What is an abstract?

What is an abstract?

What is an abstract?

It is a self-contained, short, and powerful statement that describes a larger work. Components vary according to discipline. a social science or scientific work may contain the scope, purpose, results, and contents of the work. An  summary of a humanities work may contain the thesis, background, and conclusion of the larger work. An abstract is not a review, nor does it evaluate the work being abstracted. While it contains key words found in the larger work, the abstract is an original document rather than an excerpted passage.

Types of abstracts

There are two types : descriptive and informative. They have different aims, so, therefore, they have different components and styles.

A descriptive  indicates the type of information found in the work. It makes no judgments about the work, nor does it provide results or conclusions of the research. It does incorporate key words found in the text and may include the purpose, methods, and scope of the research. Essentially, the descriptive abstract describes the work being abstracted. Some people consider it an outline of the work, rather than a summary. Descriptive abstracts are usually very short—100 words or less.

Most  are informative. While they still do not critique or evaluate a work, they do more than describe it. A good, informative abstract acts as a surrogate for the work itself. That is, the writer presents and explains all the main arguments and the important results and evidence in the complete article/paper/book. An informative abstract includes the information that can be found in a descriptive abstract (purpose, methods, scope) but also includes the results and conclusions of the research and the recommendations of the author. The length varies according to discipline, but an informative abstract is rarely more than 10% of the length of the entire work. In the case of a longer work, it may be much less.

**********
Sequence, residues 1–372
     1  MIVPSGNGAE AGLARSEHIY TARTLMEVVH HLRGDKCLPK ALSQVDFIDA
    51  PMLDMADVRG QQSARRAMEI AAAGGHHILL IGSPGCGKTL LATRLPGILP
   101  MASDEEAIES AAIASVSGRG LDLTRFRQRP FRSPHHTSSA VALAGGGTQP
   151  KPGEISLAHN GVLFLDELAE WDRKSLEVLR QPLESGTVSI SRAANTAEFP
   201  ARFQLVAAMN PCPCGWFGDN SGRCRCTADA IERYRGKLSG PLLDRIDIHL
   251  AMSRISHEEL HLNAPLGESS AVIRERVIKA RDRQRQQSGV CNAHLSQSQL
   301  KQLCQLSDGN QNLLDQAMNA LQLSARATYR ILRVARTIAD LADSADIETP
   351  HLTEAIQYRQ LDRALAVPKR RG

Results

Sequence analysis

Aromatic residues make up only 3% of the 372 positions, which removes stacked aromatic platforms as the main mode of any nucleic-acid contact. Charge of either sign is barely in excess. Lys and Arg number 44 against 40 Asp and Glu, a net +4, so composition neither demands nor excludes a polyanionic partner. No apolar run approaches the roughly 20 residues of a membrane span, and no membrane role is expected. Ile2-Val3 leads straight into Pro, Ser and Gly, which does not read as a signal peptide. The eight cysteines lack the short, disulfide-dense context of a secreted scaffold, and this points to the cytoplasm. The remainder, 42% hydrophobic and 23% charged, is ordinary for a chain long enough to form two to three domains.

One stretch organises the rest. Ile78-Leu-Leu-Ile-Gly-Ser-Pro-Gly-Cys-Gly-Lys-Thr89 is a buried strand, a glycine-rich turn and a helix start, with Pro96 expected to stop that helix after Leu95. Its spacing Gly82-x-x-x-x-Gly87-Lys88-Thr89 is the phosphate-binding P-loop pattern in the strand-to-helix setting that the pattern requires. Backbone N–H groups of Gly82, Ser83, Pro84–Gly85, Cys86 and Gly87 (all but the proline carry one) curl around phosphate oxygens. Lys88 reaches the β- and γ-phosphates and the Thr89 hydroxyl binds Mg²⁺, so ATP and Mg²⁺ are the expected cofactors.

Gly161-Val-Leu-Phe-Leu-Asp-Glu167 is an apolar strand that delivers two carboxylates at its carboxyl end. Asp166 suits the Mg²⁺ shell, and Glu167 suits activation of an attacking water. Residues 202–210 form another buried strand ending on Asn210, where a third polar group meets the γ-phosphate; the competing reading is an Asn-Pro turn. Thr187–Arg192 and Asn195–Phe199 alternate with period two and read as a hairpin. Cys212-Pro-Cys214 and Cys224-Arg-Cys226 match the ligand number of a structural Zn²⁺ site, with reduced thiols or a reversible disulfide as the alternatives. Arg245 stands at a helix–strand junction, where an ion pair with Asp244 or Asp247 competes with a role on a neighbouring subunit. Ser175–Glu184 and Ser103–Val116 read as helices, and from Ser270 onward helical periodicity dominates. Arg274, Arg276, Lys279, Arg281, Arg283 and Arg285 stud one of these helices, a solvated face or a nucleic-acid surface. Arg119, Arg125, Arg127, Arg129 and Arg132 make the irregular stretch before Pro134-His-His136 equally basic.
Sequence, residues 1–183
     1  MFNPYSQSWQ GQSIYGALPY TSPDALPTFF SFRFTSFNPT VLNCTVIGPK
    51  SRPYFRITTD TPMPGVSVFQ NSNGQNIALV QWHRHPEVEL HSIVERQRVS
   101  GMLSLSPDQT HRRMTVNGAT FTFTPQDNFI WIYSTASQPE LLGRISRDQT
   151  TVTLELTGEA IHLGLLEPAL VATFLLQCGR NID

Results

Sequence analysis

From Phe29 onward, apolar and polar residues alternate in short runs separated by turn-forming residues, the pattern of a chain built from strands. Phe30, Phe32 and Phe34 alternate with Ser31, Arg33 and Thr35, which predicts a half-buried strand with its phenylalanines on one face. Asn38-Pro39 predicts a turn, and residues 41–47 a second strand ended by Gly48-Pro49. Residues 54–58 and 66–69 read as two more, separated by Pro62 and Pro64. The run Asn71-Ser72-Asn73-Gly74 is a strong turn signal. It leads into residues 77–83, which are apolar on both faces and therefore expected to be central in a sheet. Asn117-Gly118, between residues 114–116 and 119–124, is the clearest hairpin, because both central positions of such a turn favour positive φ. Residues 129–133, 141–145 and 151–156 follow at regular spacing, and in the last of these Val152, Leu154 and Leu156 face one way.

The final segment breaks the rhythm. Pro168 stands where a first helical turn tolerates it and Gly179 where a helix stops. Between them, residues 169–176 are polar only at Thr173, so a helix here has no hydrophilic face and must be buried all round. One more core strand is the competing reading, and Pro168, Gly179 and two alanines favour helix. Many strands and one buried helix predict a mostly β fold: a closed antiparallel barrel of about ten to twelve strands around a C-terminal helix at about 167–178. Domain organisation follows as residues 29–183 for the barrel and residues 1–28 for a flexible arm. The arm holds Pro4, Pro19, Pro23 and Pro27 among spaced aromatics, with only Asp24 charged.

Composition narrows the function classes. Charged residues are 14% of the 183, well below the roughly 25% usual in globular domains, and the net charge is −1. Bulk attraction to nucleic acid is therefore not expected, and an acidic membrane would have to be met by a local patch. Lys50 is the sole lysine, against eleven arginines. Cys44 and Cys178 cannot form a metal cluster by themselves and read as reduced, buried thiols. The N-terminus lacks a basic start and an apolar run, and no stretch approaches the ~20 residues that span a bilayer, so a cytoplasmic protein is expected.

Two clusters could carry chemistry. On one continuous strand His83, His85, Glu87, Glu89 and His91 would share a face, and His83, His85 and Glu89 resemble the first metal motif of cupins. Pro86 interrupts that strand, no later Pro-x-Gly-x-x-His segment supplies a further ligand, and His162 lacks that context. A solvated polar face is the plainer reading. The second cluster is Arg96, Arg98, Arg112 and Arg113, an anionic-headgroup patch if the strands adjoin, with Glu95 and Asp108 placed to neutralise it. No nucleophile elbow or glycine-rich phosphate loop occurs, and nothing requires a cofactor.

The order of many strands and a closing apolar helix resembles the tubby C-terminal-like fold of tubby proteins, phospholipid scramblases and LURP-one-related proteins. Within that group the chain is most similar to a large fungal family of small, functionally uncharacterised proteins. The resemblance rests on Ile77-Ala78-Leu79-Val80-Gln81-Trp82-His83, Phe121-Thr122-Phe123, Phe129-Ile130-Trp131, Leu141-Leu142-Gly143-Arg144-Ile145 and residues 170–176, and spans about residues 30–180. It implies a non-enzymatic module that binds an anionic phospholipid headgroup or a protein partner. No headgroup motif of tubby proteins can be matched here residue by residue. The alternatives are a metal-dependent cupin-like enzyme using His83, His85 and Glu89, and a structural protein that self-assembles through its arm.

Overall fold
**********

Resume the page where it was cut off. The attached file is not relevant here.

When preparing to draft your abstract, keep the following key process elements in mind:



  • Reason for writing:What is the importance of the research? Why would a reader be interested in the larger work?
  • Problem:What problem does this work attempt to solve? What is the scope of the project? What is the main argument/thesis/claim?
  • Methodology:An abstract of a scientific work may include specific models or approaches used in the larger study. Other abstracts may describe the types of evidence used in the research.
  • Results:Again, an abstract of a scientific work may include specific data that indicates the results of the project. Other abstracts may discuss the findings in a more general way.
  • Implications:What changes should be implemented as a result of the findings of the work? How does this work add to the body of knowledge on the topic?

An abstract is a short statement that describes a larger work (article, book, report).  If the article describes an experiment, the abstract will be divided into these sections (called a “structured abstract”):

  1. Scope
  2. Purpose
  3. Methodology
  4. Results
  5. Conclusion



  • A full citation of the source, preceding the abstract.
  • The most important information first.
  • The same type and style of language found in the original, including technical language.
  • Key words and phrases that quickly identify the content and focus of the work.
  • Clear, concise, and powerful language.

If you are abstracting someone else’s writing:

When abstracting something you have not written, you cannot summarize key ideas just by cutting and pasting. Instead, you must determine what a prospective reader would want to know about the work. There are a few techniques that will help you in this process:

Identify key terms: